Echoing Marx, it was Mark Fisher who likened capitalism’s core nature to that of an “abstract parasite, an insatiable vampire and zombie-maker… [where] the living flesh it converts into dead labour is ours, and the zombies it makes are us.” For Fisher, the figure of the zombie represents today’s homo economicus—the human subject under capitalism who has been reconfigured to think of herself, principally and exhaustively, as a competitive market actor. His metaphor points to the bleakness of the general western experience under capitalism. But nowhere is Fisher’s account perhaps more appropriate than in the context of the American labor market and workplace, where disposability and alienation—a zombie’s most archetypal pathologies—are acutely pronounced.
At this point, the image of American existential ennui is surely familiar. Part of the modern cultural media landscape includes a regular churn of incisive thinkpieces on burnout, the extinction of our “work-life balance,” our exceptionally “lousy work culture,” the “miserable” religion of “workism,” and why, plainly put, “work sucks.” Altogether, they gesture to three afflictions at the heart of the American system of work: work is precarious, work is pervasive, and work is spiritually draining.
Start with the precarity of work. The logic that workers are disposable sits at the core of the American employment model. Namely, the default rule of at-will employment effectively accords employers free rein to fire their workers. Under this regime, an employee may generally be terminated—and have their livelihood stripped from them—for good reasons, bad reasons, or no reasons at all. The past year alone is replete with examples of workers being dismissed for publicly criticizing unsafe working conditions, taking calls with clients while feeding their young children, or simply not smiling enough. Indeed, according to a 2010 survey, nearly a quarter of American adults have been fired or threatened with job loss for taking time off due to personal or family illness.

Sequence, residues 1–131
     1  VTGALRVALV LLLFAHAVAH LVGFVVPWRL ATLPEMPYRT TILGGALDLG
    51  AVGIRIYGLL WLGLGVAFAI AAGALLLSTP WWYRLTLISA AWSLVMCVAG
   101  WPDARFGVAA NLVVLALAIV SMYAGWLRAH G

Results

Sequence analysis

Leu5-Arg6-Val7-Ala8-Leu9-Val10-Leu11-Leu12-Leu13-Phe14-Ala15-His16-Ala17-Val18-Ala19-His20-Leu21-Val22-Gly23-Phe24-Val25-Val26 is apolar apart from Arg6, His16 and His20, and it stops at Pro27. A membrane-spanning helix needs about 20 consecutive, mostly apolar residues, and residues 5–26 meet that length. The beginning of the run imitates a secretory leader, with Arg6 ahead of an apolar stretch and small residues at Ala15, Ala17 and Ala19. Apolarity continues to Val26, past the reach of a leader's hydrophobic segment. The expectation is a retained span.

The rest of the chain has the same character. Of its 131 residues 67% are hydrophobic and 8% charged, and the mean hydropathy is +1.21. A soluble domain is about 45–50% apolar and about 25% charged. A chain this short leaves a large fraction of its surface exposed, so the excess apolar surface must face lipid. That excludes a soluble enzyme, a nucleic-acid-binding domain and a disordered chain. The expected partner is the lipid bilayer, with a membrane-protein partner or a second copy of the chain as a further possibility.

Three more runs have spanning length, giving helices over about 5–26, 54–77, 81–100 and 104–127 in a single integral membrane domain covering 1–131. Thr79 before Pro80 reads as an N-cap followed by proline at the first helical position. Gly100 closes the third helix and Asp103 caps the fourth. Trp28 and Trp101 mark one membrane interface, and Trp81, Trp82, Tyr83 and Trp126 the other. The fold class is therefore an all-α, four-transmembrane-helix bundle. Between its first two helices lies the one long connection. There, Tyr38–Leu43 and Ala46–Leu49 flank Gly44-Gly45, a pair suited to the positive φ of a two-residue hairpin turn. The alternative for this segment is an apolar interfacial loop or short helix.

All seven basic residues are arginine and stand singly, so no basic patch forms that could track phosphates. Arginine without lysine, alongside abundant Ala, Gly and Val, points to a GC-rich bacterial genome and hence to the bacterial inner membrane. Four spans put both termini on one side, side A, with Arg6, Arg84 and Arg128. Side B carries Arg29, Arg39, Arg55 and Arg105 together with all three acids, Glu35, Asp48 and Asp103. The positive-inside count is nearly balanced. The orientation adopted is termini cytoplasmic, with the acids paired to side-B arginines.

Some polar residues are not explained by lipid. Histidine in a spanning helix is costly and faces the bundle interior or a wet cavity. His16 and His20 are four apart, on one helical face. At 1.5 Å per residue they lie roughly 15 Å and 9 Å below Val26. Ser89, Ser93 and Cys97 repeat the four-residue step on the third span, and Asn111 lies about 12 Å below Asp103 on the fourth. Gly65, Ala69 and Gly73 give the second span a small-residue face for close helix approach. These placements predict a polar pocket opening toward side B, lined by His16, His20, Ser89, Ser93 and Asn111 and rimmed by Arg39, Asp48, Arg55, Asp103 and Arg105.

But as much as work is precarious, it is also pervasive and exhausting. The boundaries between work and life, if not already completely eroded, are quickly collapsing—a process of decay that has only accelerated with the pandemic. In 2019, Americans clocked in a collective 278 billion hours of work, at a per capita rate that outpaces most of our European peers. A third of Americans work at least 45 hours per week. For nearly 10 million Americans, that figure approaches 60 hours. And for more than a quarter of Americans, some of that work takes place during the wee hours between 10 p.m. and 6 a.m. The result is a workforce wracked by a whole host of health problems: stress, depression, impaired memory, and heart disease, just to name a few.
Our institutions have done remarkably little to contain work’s sprawl. According to a recent report by the People’s Policy Project, the United States is “virtually alone among all nations in providing no paid leave policy at the national level.” The handful of U.S. states that offer sick leave mostly offer “pathetically meager” benefits. For instance, Norway’s base period for paid sick leave is an entire year; California’s is three days. And “unlike every other wealthy nation,” outside of federal holidays, the U.S. offers “no statutory [vacation days] whatsoever.”